Yahoo and the NFL are calling Sunday’s global live stream of the Buffalo Bills-Jacksonville Jaguars game from London a success. Both announce that 15.2 million unique viewers watched the game either through Yahoo or Tumblr platforms on various devices (mobile, tablet, computer, set-top). And there were 33.6 million streams which the NFL believes will be the most-streamed event in U.S. history.

In addition, 33% of the streams were based outside of the U.S. with 185 countries involved. This game was the first time an NFL game was available for free without authentication or international restrictions.

According to the NFL, the 15.2 million unique viewers would rank yesterday’s London game in last week’s Top 10 programs, below Thursday Night Football and above Monday Night Football. One fact that may have skewed the numbers was the game was on autoplay on the Yahoo.com home page and a stream was counted if it went for more than three seconds.

Overall, 460 million minutes were streamed which translates to about 2.36 million viewers per minute. CNN’s Brian Stelter writes that for NFL TV games, viewership averages about 10 to 20 million viewers a minute.

Throughout the game, there were reports of buffering and other problems, but others reported having a clear stream with broadcast quality video.

Even with the glitches, the NFL and Yahoo are happy with yesterday’s Buffalo-Jacksonville stream and while there’s no official word as of yet, we can expect another streaming game in the future.

These numbers do not include television ratings for Buffalo and Jacksonville, the two markets that had access to the game on TV, London where the game aired on two networks, Sky Sports and BBC Two and digital numbers in China which also had access to the game on the internet.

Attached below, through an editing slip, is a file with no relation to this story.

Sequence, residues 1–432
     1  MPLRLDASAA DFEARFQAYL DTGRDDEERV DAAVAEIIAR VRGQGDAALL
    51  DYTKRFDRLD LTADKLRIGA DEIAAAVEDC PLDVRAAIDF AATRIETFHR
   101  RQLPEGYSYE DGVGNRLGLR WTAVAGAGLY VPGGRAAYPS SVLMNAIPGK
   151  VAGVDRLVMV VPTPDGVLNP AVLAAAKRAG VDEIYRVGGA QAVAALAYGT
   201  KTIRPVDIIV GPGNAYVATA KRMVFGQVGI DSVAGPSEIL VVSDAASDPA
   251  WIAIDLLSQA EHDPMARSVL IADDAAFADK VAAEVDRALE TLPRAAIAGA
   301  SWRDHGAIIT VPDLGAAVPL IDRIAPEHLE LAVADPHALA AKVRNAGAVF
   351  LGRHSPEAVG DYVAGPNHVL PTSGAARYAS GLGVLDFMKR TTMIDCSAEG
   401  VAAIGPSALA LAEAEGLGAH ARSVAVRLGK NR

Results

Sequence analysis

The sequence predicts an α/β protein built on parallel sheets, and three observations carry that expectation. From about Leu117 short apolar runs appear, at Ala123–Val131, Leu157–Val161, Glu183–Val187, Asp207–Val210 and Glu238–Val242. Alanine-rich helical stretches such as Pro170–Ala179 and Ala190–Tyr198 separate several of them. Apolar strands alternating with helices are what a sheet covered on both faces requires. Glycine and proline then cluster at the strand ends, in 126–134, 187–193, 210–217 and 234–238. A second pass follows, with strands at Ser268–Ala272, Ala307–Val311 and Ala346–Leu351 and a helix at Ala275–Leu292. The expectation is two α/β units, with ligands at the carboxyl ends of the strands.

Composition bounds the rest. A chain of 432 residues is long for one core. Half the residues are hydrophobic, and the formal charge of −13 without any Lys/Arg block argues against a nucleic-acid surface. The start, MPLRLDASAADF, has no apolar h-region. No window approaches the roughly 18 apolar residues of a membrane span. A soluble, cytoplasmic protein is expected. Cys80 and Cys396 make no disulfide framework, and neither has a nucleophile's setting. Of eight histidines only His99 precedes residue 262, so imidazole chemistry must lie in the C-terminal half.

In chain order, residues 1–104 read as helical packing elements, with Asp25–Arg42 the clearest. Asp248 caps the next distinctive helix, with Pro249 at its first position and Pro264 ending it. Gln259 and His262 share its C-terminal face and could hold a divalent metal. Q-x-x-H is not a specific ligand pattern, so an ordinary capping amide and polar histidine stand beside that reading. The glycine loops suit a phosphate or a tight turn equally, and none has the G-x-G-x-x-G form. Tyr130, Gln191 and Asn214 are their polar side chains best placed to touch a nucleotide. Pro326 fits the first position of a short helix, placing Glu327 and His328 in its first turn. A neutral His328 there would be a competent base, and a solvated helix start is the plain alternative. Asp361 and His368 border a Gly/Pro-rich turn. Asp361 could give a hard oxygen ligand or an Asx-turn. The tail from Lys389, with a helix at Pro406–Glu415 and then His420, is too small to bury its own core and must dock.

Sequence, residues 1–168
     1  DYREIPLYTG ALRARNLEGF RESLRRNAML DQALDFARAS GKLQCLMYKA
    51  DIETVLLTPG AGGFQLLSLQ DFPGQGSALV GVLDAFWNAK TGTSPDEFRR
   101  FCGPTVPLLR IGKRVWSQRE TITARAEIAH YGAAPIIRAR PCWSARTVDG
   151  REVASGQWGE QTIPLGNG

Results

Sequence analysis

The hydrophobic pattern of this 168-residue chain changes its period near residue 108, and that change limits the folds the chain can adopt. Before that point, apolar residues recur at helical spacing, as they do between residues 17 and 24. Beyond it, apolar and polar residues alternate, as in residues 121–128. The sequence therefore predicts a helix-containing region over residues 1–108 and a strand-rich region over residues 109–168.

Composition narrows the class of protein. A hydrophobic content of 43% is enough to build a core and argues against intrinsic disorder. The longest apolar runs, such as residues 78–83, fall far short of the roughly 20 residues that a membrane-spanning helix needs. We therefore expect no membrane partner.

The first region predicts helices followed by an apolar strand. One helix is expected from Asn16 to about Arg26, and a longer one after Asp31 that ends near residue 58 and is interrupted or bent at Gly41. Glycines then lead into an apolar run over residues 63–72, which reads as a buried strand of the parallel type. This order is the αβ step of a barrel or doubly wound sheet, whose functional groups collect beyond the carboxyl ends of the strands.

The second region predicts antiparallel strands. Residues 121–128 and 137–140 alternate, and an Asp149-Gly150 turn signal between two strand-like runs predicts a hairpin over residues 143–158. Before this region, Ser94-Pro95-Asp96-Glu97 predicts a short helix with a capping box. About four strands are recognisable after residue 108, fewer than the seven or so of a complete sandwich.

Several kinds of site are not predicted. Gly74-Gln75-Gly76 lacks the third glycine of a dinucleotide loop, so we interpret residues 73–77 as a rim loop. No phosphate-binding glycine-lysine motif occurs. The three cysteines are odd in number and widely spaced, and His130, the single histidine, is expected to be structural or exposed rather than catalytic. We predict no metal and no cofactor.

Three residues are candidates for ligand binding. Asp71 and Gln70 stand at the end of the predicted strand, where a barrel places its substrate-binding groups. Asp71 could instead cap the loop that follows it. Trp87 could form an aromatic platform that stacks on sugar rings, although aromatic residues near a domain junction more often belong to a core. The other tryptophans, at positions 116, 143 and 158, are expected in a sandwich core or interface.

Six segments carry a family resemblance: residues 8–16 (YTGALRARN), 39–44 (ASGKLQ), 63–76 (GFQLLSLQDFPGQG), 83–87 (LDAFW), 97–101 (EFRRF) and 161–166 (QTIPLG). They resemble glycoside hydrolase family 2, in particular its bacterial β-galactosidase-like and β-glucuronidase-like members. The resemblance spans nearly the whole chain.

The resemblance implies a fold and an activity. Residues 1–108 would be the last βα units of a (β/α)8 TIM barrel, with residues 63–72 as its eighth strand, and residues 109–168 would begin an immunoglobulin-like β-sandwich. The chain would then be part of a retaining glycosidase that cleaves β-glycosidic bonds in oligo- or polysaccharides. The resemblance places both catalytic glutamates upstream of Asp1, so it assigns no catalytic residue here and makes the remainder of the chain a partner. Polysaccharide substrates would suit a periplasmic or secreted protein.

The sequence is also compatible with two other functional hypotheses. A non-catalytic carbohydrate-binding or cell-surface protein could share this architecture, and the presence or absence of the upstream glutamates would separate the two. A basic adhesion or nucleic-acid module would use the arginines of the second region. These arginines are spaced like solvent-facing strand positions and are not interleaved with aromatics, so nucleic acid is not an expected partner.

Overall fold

Yahoo Senior Vice President of Product and Engineering Adam Cahan summed up the stream’s success in a Tumblr post:

We couldn’t be more proud that the NFL chose Yahoo to bring football to fans around the world through this unique live stream experience. We’re seeing more and more people shift away from TV and we’re thrilled to join the NFL in setting a new standard for sports programming. 

I want to take this opportunity to thank everyone at Yahoo who made this possible across our product, engineering, design, partnerships, marketing, sales, editorial, studios, customer care and PR teams; and to our users and fans around the world–thank you! This was an event that makes all of us proud to be a Yahoo.

While there won’t be a package of online games in this current NFL TV contract, expect the NFL to reach out to tech companies for the next round of bidding in the next decade.

About Ken Fang

Ken has been covering the sports media in earnest at his own site, Fang's Bites since May 2007 and at Awful Announcing since March 2013.

He provides a unique perspective having been an award-winning radio news reporter in Providence and having worked in local television.

Fang celebrates the three Boston Red Sox World Championships in the 21st Century, but continues to be a long-suffering Cleveland Browns fan.